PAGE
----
7 Mistakes Everyone Makes When Painting

And how to avoid these incredibly common missteps.

Can of orange paint with a paint brush.
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There's nothing like a brand new coat of paint to completely transform a room. But with an overwhelming selection of paint options out there and so many ways to misstep, even the most prepared painter is bound to make a mistake. Thankfully, we've found solutions to simple painting mistakes so you can learn to paint like a pro.

01 of 07

Using the wrong brush

Paint brush on a yellow background
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If you ever find yourself struggling with a paint job, check to see if you're using the right type of brush. Applying water-based latex paint with a natural-bristle brush will result in bristles that are limp from absorbing the water in the paint, making the paint nearly impossible to spread.

While using a quality brush will get you far, achieving a smooth, professional finish begins with determining the proper applicator for the job. Natural-bristle brushes work best with oil-based paints. Synthetic brushes, made from nylon and polyester, are the perfect match for water-based latex paint.

02 of 07

Leaving painter's tape up too long

Blue painting tape being peeled off a ceiling.
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For clean lines and crisp edges, painter's tape is a must. Taping ensures professional-looking results, but when left on for an extended amount of time, it can cause peeling paint upon removal.

Ideally, tape should be removed about an hour after you've finished painting. But if you've let it sit for too long and the paint starts coming up, you're not out of luck. Use a razor blade to gently score along the edge of the tape as you peel it back. You can also try using a blow dryer to heat up and loosen the adhesive, using your fingers to roll it away from the wall.

03 of 07

Disregarding the weather

Two people painting a room.
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Paint doesn't handle extreme temperatures very well, so if you're beginning a paint project be mindful of the weather. High levels of humidity will slow down the drying time for water-based paints. Freezing temperatures prevent paint from drying evenly, causing cracking and peeling. Extreme heat will make paint bubble or will dry paint too quickly, leaving you with an uneven finish.

If your paint isn't applying properly, check with the manufacturer to see what the optimal temperature is for the paint. You may have to make adjustments, like using a space heater or portable air conditioner, or reschedule your project for another day.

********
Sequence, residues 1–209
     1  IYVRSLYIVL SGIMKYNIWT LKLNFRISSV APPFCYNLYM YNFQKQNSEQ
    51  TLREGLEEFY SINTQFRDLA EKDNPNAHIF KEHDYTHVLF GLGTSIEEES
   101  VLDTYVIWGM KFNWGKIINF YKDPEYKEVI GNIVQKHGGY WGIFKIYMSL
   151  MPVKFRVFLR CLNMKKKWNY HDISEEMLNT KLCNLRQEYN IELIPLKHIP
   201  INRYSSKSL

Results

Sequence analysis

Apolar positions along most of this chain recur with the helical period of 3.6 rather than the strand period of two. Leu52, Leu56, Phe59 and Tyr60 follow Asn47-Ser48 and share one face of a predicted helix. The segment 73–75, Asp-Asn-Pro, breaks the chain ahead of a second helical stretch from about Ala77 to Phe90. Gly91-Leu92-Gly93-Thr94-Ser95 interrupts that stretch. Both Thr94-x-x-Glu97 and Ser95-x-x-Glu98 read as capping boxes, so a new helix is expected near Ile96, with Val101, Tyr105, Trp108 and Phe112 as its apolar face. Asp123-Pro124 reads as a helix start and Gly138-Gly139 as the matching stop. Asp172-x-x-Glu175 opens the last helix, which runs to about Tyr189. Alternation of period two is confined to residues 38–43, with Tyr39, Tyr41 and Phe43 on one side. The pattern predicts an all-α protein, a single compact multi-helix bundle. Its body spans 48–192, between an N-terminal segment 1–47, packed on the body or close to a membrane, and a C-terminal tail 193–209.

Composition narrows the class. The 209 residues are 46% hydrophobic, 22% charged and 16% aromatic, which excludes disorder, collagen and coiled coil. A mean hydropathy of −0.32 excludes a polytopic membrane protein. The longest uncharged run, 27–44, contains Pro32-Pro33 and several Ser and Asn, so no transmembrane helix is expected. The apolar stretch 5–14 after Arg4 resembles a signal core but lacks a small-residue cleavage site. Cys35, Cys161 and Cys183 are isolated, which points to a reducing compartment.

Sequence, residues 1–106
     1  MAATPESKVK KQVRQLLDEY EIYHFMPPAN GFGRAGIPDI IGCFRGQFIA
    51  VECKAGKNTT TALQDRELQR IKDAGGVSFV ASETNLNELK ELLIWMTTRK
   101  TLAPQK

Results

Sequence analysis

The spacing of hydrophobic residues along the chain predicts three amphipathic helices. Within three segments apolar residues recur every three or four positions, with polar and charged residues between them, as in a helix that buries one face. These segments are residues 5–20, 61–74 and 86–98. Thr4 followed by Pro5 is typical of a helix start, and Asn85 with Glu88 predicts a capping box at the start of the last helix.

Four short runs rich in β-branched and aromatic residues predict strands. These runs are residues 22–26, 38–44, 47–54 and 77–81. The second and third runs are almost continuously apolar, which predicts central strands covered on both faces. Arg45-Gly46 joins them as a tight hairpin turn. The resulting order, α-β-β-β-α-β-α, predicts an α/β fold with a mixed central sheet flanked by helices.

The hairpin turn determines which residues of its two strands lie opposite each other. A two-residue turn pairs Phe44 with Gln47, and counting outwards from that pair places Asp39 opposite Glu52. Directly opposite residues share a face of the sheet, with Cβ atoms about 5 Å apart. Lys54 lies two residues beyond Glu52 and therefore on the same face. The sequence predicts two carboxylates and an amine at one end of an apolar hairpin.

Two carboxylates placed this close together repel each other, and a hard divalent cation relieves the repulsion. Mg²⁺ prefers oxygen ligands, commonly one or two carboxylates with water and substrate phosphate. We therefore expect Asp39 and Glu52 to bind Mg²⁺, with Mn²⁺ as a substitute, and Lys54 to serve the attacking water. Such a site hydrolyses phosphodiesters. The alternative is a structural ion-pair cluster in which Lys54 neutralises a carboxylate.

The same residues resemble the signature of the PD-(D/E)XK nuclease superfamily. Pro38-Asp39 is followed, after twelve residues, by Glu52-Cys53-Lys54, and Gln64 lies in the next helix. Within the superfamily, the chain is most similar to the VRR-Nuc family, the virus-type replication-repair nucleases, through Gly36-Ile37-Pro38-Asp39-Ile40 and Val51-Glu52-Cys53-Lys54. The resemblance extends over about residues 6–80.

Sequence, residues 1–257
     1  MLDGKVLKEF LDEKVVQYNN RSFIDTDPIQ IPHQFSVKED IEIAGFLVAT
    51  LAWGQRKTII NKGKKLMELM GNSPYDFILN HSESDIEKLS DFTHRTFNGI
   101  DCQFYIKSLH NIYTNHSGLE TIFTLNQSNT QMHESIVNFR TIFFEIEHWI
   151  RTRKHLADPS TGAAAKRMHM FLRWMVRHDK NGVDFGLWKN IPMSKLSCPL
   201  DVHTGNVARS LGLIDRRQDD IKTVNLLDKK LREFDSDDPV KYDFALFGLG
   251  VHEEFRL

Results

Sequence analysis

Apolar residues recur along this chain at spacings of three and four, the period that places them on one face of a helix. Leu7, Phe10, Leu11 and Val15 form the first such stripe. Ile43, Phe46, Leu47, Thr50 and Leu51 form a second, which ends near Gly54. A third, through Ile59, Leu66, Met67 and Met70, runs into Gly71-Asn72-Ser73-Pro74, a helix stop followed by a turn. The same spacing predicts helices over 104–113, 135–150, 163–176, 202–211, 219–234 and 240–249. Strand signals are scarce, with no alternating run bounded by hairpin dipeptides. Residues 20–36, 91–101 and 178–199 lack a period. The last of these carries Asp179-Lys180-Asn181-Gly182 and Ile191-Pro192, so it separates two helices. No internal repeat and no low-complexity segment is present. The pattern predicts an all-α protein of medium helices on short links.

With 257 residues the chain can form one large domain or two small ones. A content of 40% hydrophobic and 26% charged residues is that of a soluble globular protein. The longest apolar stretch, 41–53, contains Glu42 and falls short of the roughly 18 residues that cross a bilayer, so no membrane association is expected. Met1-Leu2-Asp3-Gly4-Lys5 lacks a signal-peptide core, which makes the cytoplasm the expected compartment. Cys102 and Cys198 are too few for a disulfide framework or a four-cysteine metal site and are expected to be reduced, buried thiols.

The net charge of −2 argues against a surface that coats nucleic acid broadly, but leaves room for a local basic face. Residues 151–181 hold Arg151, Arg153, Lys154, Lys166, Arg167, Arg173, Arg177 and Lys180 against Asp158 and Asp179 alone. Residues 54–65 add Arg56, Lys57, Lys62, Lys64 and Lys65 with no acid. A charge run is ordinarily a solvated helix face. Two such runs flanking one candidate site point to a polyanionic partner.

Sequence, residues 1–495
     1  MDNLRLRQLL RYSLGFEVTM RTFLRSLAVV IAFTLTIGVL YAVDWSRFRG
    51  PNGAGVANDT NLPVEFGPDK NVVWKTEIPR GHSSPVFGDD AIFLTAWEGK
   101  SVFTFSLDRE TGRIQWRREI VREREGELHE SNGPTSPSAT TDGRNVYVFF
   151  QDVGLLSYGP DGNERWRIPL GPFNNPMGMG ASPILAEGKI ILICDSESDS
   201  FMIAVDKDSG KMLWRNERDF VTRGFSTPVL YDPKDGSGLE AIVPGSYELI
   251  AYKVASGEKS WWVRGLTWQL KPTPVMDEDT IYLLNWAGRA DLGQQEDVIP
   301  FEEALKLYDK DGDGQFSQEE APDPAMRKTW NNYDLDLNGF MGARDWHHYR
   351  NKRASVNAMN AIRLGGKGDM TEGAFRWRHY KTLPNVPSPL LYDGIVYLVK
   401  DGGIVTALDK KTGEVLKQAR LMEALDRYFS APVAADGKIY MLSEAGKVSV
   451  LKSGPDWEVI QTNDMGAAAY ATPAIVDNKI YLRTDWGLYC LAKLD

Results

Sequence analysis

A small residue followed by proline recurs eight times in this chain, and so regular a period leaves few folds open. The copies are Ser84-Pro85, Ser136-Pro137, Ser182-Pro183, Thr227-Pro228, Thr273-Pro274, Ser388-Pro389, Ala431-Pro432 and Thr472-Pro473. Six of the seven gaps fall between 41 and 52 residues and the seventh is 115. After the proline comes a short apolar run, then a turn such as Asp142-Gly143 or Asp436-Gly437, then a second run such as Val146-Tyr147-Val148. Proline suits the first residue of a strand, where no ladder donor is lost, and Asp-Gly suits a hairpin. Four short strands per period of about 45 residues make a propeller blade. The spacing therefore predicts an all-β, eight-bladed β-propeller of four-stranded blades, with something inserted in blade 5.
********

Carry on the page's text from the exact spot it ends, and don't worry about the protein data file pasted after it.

04 of 07

Forgetting the importance of primer

A figure's hand holding a paint brush over a can of primer.
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When going from a dark paint color to a lighter one, primer becomes invaluable in preventing the old color from bleeding through. Just as bleed through occurs with drastic color changes, it can also happen when painting wood.

Wood naturally contains tannins, which can migrate to the surface when wet, causing staining and discoloration. You can fix this problem by sealing the wood with a tannin-blocking primer before painting. If there is significant bleed through, consider using two coats of primer before applying the new color.

05 of 07

Getting roller marks on the ceiling

A clean paint roller resting next to a can of yellow paint.
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The space where the wall meets the ceiling doesn't leave much room for imprecision. When tackling this tight space, it's easy to bump the ceiling with the roller, creating a tricky touch-up job. If the paint is still wet, immediately spray some window cleaner on the spot and wipe away.

The best way to prevent this issue is by taping off the ceiling and brushing on a horizontal strip of paint to cover the top five or so inches of the wall. This will give you a generous buffer zone, allowing you to steer clear of the ceiling.

06 of 07

Not preparing a glossy surface

A person sanding a wooden door.
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Often chosen for its durability, glossy paint has excellent resistance to dirt and grease. The same thing that protects glossy surfaces from smudges and fingerprints also keeps new paint from adhering properly to them. This can be easily fixed by sanding the glossy finish to give the paint something to grab on to. Sanding should be followed by a thorough cleaning to get rid of any remaining particles. Alternatively, liquid deglossers can be simply wiped onto the finish to create a paint-ready surface.

07 of 07

Using water-based paint on top of wallpaper

A figure painting over wallpaper with red paint.
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Painting over wallpaper is no more difficult than painting any other wall, but there is one caveat: Water-based paints and primers might reactivate wallpaper glue, causing it to bubble up or peel off. Instead, use an oil-based primer to prevent any problems with proper adhesion.

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